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Mumbai: BMC to vaccinate 70 per cent of city’s street dogs

Updated on: 29 September,2022 08:16 AM IST  |  Mumbai
Sameer Surve | sameer.surve@mid-day.com

Civic body starts Mission Rabies Free Mumbai, aims to inoculate 1.75 lakh strays; city reported 50,622 dog bite cases between Jan and Aug

Mumbai: BMC to vaccinate 70 per cent of city’s street dogs

BMC staffers vaccinate a dog on Tuesday


Of the estimated 2.5 lakh stray dogs in the city, the BMC plans to vaccinate about 1.75 lakh under its Mission Rabies Free Mumbai. In the first eight months of this year, the city reported 50,622 dog bite cases. The vaccination campaign started on  Tuesday, on the eve of September 28,  which is observed as World Rabies Day.


Rabies is a preventable viral disease often transmitted through the bite of a rabid animal. The virus infects the central nervous system of mammals, ultimately spreading the disease to the brain and causes death. 



Also read: Mumbai: BMC realises it forgot to jab Jogeshwari cattle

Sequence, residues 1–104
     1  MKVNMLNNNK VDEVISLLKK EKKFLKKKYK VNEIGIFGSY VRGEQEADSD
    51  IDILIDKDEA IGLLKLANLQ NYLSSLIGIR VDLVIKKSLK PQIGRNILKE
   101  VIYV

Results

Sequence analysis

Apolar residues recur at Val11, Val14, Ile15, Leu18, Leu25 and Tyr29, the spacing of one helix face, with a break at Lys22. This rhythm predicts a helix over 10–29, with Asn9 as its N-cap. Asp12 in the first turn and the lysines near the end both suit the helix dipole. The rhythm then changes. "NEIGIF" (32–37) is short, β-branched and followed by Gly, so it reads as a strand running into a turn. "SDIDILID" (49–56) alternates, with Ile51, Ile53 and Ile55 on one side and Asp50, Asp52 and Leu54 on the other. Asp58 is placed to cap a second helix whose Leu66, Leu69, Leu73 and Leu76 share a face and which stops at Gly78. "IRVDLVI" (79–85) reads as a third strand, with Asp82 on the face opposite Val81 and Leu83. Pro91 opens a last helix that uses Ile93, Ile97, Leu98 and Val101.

BMC staffers vaccinate a dog on Tuesday

Dr K L Pathan, chief of BMC’s animal husbandry department, said, “We are focusing on maximum vaccination. BMC staff, some NGOs, animal lovers, and veterinary college students are helping us. This programme will go on till November 9.”

Dr Pathan said they will a continue with the initiative after the campaign ends. “We are planning to vaccinate the maximum number of street dogs. Rabies is a deadly disease but is 100 per cent preventable by vaccination.” The corporation will spend about Rs 50-Rs 60 per shot. 

Sources said dogs are usually vaccinated when they are brought for sterilisation. While 12 organisations used to help the BMC neuter the strays, only seven of them are associated with the BMC now. This has affected sterilisation as well as vaccination.

“This is the first time we are vaccinating dogs separately,” said Dr Pathan.

“If 70 per cent of the population is given the vaccine for any disease, 100 per cent of the population can be protected. This formula is also applicable to dogs that are not naturally born with rabies. It is transmitted,” said a civic official. Of the estimated 2.5 lakh street dogs in Mumbai, 25-27 per cent are vaccinated, an official said. 

“Vaccines should be given once every two to three years. We will continue this mission every year,” the official said. 

BMC will mark the vaccinated dogs and upload their identification marks on its GPS-based app. “So there will be no problem in finding a vaccinated dog,” said the official.

Between January and August this year, BMC sterilized—and vaccinated—7,773 dogs. Last year it neutered 17,534 strays.

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